Saturday, September 28, 2013
Thursday, September 26, 2013
I may have shed a few tears just now.
Because when did this little girl?
Hannah Fall 2008
Become this little girl?
Hannah this morning before school
And when did this little girl?
Leah, summer 2007
Turn into this little girl?
Leah, this morning
Time, could you please slow down just a little? Because I swear, I just blinked and these beautiful daughters of mine went from toddlers to young girls.
Oh Lord, let me mother them with wisdom. Let me teach them respect, kindness, generosity, and strength. Help me to be a good example-- not of perfection, but of love in action. What incredibly precious gifts they are.
"Children are not casual guests in our home. They have been loaned to us temporarily for the purpose of loving them and instilling a foundation of values on which their future lives will be built."
--Dr. James Dobson
Tuesday, September 24, 2013
For two weeks every September, Oklahoma City hosts the "Great State Fair of Oklahoma." When I was growing up, we got a day off of school and a free ticket for "Fair Day." Sadly, kids these days don't get out of school for the Fair anymore. So we decided to remedy this situation. We checked the girls out an hour early, and off we went to check it out.
I absolutely love the Fair. Yes, I know it has it's downsides: The Midway, obnoxious carnies yelling at you, crowded streets, the smell of manure and beer mixed together, and an array of interesting outfit choices. However, if you avoid going on a busy weekend and try to be there during daylight hours, it's not so bad. In fact, it's pretty darn fun! We hit up my favorite building first: the Creative Arts Building. This is where all the classic fair competitions are like blue ribbon pies, cake decorating, sewing, jams, jellies, kids' art contests, 4H projects, etc. There's also a kids area where they can paint, build, and play games. All three of ours made "spin art" while we were there.
Leah and Hannah showing off the enormous pumpkins. I'm ready for fall, but I don't think this would fit on our front porch!
Watching the blacksmith
Next we headed across the street to Centennial Village where we saw a group of older women doing a clogging performance to various country music songs. They were really into it, and the kids wanted to stop and watch for awhile. We also watched a blacksmith at work and saw a soap making demonstration.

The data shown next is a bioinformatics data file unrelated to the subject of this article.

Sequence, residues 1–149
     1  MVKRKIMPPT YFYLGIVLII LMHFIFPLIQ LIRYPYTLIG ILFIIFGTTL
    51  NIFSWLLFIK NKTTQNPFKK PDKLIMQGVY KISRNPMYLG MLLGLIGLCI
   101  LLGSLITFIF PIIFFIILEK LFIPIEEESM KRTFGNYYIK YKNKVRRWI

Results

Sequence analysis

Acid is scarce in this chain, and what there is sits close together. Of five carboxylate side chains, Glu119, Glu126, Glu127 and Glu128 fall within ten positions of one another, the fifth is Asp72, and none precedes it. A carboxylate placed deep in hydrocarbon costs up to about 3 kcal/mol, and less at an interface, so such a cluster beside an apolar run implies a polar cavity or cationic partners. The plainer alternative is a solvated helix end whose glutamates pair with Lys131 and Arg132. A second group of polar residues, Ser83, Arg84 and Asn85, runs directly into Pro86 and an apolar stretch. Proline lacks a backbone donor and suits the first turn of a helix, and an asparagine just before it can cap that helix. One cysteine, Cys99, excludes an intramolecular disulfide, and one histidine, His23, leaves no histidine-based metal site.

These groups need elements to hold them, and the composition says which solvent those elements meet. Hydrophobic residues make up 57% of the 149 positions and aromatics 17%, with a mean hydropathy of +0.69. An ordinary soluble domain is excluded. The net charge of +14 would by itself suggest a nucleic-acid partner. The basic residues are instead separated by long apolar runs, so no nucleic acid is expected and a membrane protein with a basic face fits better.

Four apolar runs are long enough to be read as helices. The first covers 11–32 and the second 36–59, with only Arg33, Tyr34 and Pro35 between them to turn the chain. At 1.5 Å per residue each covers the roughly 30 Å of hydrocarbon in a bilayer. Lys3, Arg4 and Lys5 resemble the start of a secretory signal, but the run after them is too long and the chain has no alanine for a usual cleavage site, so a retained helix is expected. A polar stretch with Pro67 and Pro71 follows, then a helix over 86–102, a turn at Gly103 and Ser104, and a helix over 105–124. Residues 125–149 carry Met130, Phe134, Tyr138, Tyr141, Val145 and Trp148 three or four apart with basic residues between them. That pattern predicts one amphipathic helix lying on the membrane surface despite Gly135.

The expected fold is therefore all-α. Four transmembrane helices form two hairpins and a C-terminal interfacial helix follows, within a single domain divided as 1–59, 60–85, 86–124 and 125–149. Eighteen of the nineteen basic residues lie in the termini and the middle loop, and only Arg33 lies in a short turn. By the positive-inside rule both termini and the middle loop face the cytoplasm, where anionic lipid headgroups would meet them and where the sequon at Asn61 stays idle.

My Frontier Family
Mike is riding that horse like a boss.
Me and my two favorite 8 year olds.
Next we wandered around and found a "fire safety show" complete with real firetrucks and firemen talking about what to do in an emergency. The kids begged to stop and watch, so we did. At the end, they got to crawl through a "smoke house" where they learned to get low and crawl to find their way out. They crawled through that house approximately 100 times before we moved on.
Lucas narrowly making his escape
What to do next? Head to the rides of course! Unfortunately to get to the ride area, you have to walk through the Midway. The Midway is the area where all the "lovely" games are. You can choose to pay $5 for three tries at throwing a ring on some coke bottles in order to win an over sized stuffed Tweety Bird. No thank you. But of course, all the Midway workers yell at you as you walk by, and my kids begged to play every single game. It was a long walk through, but we made it to the rides. We gave each child a set amount of tickets and told them they could choose which rides they wanted to do. They were in heaven.
Hannah and Leah chose to ride this one called The Himalaya. It went around at lightning speed blaring a few fist-pumping club songs. Hannah loved it. Leah thought it was just "ok."
In this photo, the ride was just starting out. It sped up so much I couldn't get another picture of them.
A view of the classic skyline ride. It's been there forever.
Leah and Lucas went through this fun house complete with a maze of mirrors.
This picture cracks me up. The girls are just people watching and Hannah's expression says it all. "What exactly am I looking at?"
On this particular day we saw:
A man with a long, braided rat tail
Many ladies with bedazzled cowboy boots
Too many t-shirts with the arms cut off to count
A few cut off jean shorts that were a little too short, exposing some cheek
What can I say but it's all classic state fair wear.
Hannah and me waiting on the rest of our fam at the fun house. Hannah didn't want to waste her tickets on things like that. She likes the thrill rides.
Like this one! She rode it all by herself. She looked so small, but she was brave and she loved it.
She's on the fifth row from the top on the left end.
This is what happened when Lucas ran out of tickets.
Temper tantrum on the dirty fair street.
Leah used her last tickets to go down this slide. I wanted to do this one too, but no adults allowed. Boo!
After we were done with the rides, our next mission was FOOD. When you ask most people why they go to the fair, the answer is mostly "for the food." It's one time a year to indulge on junk food. Corn dogs, funnel cakes, roasted corn on the cob, cinnamon rolls and just about anything deep fried on a stick. This year, in addition to chocolate covered fried bacon and deep fried butter (now that's gross), the new fried item was deep fried watermelon bites. They were everywhere. Personally, I think that sounds terrible, so we didn't partake. But it is certainly fun to look around and oh my...the smells. I actually opted to skip fair food this year because....drum roll....I got to judge a crock pot cooking competition! For a mere $2 I went through the line of 21 crock pot contestants who dished me up 21 bowls of their tasty creations. That breaks down to 7 soups, 7 main dishes, and 7 desserts. The ones I liked, I licked the bowl clean. The ones I didn't, I took a few bites and moved on to the next. Mike and the kids also helped me taste test and we ended up choosing our favorite for each category. It was a lot of fun.
Our night ended with walking through the car show. The kids loved getting in and out of all the fancy new cars. They were blown away that some SUV's have TVs in them! Haha! I drive an 11 year old minivan, so they are not privy to new technology. From there, we made it out to our car just after the sun slipped down below the horizon. Lucas conked out in his car seat and the girls were quiet on the drive home. I suppose we'll do it all again next year.